The “fascism” metaphor breaks down pretty quickly when you think about it. Most superheroes defeat an evil power but do not retain any power for themselves. They ensure others’ freedom. They rarely deal with the government, and when they do it is with wariness, as in the Iron Man films, where Tony Stark refuses to hand over control of his inventions.
Indeed, superhero tales are full of subplots about how heroes limit their own power: hibernating once the big bad guy has been defeated, wearing disguises to live ordinary lives, choosing not to give into the temptation to ally with the villain or use their powers for profit or even civilizational progress. That’s because the creators of some of the most foundational superhero tales weren’t writing solely out of a power fantasy. They were writing out of a fantasy that a truly good people who find themselves with power might use that power only for good—and only in the face of extreme evil.
Perhaps the optimism that an uberpowerful being like Superman would not overreach is unrealistic. Maybe it’s the same optimism that has helped certain world dictators to rise to power. But superhero myths themselves come from a good place. The belief that people are capable of real altruism is inescapable, human, and the farthest thing from inherently fascistic.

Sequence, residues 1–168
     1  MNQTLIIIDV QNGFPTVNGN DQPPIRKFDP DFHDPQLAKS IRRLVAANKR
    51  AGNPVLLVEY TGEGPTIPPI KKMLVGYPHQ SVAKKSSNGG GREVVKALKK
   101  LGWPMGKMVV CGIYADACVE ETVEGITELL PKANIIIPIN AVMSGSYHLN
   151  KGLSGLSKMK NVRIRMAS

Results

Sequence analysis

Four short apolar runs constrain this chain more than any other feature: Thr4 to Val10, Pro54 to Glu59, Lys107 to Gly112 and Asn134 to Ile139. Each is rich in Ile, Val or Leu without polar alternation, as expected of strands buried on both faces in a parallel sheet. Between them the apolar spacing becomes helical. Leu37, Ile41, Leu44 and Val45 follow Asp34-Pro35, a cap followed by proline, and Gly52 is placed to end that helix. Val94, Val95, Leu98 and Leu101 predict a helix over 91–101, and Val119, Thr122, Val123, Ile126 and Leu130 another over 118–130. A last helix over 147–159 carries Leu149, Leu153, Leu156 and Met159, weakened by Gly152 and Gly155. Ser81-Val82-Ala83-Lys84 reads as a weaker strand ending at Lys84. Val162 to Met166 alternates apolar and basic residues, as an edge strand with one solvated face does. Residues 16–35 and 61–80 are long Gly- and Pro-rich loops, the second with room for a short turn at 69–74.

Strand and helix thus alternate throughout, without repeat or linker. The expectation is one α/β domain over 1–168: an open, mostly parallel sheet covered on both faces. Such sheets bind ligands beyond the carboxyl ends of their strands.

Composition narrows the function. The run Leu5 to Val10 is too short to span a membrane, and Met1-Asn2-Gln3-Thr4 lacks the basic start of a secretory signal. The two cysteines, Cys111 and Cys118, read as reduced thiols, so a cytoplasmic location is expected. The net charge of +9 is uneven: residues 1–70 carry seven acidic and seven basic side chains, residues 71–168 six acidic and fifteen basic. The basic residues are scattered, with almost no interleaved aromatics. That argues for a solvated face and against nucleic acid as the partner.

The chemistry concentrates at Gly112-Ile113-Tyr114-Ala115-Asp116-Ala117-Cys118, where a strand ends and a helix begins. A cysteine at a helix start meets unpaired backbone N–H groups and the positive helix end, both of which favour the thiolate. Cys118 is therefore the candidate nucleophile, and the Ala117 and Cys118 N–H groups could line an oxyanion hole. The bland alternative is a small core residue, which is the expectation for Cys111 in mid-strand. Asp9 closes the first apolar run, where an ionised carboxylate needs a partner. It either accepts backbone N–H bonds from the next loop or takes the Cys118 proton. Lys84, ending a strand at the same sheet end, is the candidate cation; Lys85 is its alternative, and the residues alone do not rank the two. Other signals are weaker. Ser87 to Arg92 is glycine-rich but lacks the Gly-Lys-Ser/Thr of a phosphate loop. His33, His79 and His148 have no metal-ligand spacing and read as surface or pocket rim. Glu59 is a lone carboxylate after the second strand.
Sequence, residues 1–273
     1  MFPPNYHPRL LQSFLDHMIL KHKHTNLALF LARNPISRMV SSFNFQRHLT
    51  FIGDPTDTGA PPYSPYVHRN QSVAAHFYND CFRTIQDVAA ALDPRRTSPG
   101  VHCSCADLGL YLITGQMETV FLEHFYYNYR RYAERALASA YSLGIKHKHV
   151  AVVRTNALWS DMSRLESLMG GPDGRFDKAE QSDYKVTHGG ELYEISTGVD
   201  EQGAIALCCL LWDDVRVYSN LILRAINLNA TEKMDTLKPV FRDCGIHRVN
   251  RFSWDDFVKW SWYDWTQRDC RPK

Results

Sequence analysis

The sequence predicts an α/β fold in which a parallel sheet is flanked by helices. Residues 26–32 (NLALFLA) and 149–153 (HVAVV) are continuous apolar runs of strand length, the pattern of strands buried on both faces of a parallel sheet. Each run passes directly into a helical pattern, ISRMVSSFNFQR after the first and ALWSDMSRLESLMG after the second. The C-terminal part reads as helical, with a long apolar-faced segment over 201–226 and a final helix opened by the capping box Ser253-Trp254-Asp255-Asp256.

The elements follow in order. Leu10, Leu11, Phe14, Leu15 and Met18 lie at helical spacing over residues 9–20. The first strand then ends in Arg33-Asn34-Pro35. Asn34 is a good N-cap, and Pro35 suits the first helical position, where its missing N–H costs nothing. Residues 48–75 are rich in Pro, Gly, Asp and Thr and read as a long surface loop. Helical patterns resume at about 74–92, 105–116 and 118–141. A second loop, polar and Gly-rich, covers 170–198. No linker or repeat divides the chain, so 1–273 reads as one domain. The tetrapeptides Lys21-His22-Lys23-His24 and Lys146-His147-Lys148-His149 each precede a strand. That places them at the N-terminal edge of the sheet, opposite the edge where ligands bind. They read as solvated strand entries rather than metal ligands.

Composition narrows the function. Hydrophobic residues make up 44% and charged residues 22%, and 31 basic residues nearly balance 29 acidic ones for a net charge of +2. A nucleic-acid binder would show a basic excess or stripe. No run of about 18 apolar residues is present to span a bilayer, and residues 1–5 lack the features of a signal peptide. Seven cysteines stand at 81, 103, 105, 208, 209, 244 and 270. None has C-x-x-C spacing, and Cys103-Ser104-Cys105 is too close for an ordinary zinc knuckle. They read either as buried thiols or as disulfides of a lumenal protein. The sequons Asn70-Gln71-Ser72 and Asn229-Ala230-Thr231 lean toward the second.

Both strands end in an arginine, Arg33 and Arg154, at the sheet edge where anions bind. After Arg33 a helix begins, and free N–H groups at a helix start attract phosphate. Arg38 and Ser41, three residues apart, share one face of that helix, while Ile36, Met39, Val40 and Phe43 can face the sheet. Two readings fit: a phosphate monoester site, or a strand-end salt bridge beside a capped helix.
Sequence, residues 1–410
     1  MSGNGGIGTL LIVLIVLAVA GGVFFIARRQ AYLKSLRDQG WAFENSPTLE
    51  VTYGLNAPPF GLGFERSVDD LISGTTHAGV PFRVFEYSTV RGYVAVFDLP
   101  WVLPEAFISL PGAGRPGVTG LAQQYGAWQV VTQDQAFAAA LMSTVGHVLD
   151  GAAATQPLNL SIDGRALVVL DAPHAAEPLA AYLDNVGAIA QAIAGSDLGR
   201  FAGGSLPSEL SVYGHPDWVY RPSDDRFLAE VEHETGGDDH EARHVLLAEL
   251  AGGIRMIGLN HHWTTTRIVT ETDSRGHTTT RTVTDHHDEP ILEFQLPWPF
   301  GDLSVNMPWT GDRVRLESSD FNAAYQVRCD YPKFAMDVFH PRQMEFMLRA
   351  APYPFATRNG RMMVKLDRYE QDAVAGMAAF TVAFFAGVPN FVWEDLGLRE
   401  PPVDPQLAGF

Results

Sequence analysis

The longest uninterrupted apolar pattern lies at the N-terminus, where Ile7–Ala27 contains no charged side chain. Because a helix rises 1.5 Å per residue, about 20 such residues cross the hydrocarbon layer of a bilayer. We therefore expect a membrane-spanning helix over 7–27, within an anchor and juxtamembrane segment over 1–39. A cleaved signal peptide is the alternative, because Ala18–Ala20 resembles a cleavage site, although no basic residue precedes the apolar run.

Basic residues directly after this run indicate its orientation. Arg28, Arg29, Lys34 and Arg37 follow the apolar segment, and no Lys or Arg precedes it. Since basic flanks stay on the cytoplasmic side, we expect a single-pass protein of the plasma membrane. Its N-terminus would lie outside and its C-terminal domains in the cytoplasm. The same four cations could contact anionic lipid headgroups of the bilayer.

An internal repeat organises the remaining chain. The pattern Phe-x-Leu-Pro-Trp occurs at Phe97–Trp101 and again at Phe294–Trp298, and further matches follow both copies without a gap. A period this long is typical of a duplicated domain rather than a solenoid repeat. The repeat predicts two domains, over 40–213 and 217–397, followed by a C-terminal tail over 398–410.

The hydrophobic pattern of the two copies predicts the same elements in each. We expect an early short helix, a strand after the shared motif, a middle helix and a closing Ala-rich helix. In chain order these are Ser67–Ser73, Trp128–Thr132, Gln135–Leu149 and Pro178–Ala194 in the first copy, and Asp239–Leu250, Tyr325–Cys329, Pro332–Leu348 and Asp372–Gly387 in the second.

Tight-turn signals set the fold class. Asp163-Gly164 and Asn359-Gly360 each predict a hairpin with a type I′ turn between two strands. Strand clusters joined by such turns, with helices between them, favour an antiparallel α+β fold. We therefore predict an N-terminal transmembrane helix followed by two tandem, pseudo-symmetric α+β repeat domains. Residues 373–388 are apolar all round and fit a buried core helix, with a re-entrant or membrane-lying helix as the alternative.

Consider the conclusion of The Dark Knight Rises where Batman refuses to show his real identity to take credit for saving Gotham City. Batman is regularly willing to trust others for help and does not see himself as the sole hero; the hero, the story seems to say, could be anyone. Like many others, Batman works to be an example of helping others while respecting the autonomy of society and individuals.
When superheroes do appear to flirt with fascism, it's as part of a subversions of the genre, as with Alan Moore's gritty, dystopian Watchmen. Similarly, Frank Miller's The Dark Knight Returns reimagined Superman as a government lackey who gets in Batman's way. Both graphic novels comment on the dangers posed by superheroes with less-clear moral orientations than, say, Captain America—who, by the way, was originally created with the explicit intention of fighting fascists—but they don't damn the self-limiting superheroes that America has come to love.
Maybe one day we will see a superhero movie championing something other than fascist or hypercapitalist values: a superhero movie in which it isn’t physical superiority that saves the day. Maybe one day we will get the hero we need: one who challenges rather than reinforces the status quo.
Putting aside the conflation of fascism and hypercapitalism: What status quo do superheroes reinforce? These heroes fight because everyone is entitled to life, liberty, and the pursuit of happiness. The only fascists here are the supervillains who disagree.